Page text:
Unipolar world of the nineties which emerged after the collapse of Soviet Union has been replaced by multipolar rivalry in trade, investment, infrastructure development, technology and funds flow. Currently most of the economic and financial engagements are bilateral or at best regional. This trend will continue well beyond 2024. The ineffectiveness of multilateral institutions became quite apparent during the pandemic days. The level of confidence in multilateral institutions across countries is low. Given this context it is important to realise that an issue like climate change or decarbonisation road map would need multilateral intervention. ‘Debt for environment swap’ is one such area which can bring back into focus the role of multilateral institutions. The rationale of debt swap essentially entails acquiring the debt at a discount. The creditor accepts a part of the debt knowing that full amount cannot be recovered, the equivalent of the reduced amount the debtor Government has to spend in local currency for climate related projects. This is not an easy task, however if executed properly then it can become instrumental in making climate and environment related policies mainstream. It is indeed encouraging that the debt swap for climate received attention during COP28.

The year 2024 will be marked by elections in a large number of countries , the possibility of a regime change exists in some of them. Suffice it to say, that regime change may not lead to a dramatic shift in policies, some alteration is possible.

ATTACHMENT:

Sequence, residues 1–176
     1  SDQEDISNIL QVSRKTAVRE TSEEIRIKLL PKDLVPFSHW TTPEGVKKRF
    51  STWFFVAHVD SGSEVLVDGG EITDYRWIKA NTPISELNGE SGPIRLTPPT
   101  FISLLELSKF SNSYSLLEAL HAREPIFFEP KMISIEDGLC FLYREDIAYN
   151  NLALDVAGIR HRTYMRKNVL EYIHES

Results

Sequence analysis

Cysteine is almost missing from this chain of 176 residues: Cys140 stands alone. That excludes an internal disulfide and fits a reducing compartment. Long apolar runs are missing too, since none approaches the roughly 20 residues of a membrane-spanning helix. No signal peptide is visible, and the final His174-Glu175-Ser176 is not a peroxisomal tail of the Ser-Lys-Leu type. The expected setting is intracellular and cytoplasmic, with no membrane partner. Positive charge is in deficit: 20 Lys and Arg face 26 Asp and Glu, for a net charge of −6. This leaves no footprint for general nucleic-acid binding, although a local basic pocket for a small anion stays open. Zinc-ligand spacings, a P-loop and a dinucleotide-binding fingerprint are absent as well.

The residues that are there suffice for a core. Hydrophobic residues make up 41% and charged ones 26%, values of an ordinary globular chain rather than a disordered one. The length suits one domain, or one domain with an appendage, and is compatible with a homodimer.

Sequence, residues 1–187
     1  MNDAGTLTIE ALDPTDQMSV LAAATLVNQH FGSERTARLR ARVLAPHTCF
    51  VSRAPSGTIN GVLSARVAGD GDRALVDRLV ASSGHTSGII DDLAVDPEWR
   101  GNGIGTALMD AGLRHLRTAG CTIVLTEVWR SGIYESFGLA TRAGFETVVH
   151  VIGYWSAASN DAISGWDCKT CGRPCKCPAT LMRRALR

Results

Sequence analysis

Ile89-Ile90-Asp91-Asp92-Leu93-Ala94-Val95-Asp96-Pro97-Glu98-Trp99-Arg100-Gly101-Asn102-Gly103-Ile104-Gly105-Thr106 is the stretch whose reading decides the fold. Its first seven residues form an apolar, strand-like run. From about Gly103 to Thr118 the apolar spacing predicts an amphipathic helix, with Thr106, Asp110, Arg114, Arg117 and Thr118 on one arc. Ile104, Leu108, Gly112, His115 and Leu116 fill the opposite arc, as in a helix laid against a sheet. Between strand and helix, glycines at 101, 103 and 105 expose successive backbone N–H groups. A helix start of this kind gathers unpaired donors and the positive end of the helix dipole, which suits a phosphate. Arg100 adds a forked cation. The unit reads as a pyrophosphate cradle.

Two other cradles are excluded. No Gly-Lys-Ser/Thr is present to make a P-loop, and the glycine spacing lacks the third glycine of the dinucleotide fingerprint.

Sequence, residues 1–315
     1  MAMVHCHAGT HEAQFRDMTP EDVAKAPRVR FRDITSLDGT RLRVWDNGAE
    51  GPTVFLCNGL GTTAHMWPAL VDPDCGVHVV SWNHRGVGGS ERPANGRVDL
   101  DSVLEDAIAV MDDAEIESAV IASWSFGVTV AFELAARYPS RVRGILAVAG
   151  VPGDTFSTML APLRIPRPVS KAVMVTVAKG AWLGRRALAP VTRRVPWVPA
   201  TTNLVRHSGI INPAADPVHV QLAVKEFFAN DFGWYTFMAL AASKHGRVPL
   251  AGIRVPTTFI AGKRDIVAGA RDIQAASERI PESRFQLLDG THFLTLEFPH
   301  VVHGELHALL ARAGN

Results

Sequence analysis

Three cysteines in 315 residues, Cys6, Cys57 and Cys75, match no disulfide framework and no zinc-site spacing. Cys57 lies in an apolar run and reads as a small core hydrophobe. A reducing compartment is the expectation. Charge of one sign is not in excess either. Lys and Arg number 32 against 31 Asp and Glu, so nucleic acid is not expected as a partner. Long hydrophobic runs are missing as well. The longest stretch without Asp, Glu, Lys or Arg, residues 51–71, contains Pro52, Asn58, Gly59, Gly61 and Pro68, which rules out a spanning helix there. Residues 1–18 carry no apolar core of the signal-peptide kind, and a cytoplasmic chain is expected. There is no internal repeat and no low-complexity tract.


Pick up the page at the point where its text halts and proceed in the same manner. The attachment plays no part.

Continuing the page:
The expectations of policy alterations can create some uncertainty in the areas of investment, taxation and tariff regimes, banking finance and funds flow. While the basic premise of US foreign policy will not change, the war funding in Ukraine can get affected depending on who is returned to power. Some of the key economies which will be facing elections in 2024 are India, USA, Indonesia, Mexico, Taiwan, Russia, Bangladesh, South Africa and several European countries.

Another key area of interest in 2024 will be AI including generative AI. Soon AI will start finding mainstream applications, it is expected that some of the tedious and dangerous jobs will be taken over by AI, such that people can focus more on the creative aspects of the jobs. However, this has the potential to threaten a large number of jobs and create massive unemployment. There is little doubt that AI can lead to a breakthrough in productivity. To give an example- insights from massive database of breakdowns or accidents can be obtained easily without much of statistical expertise.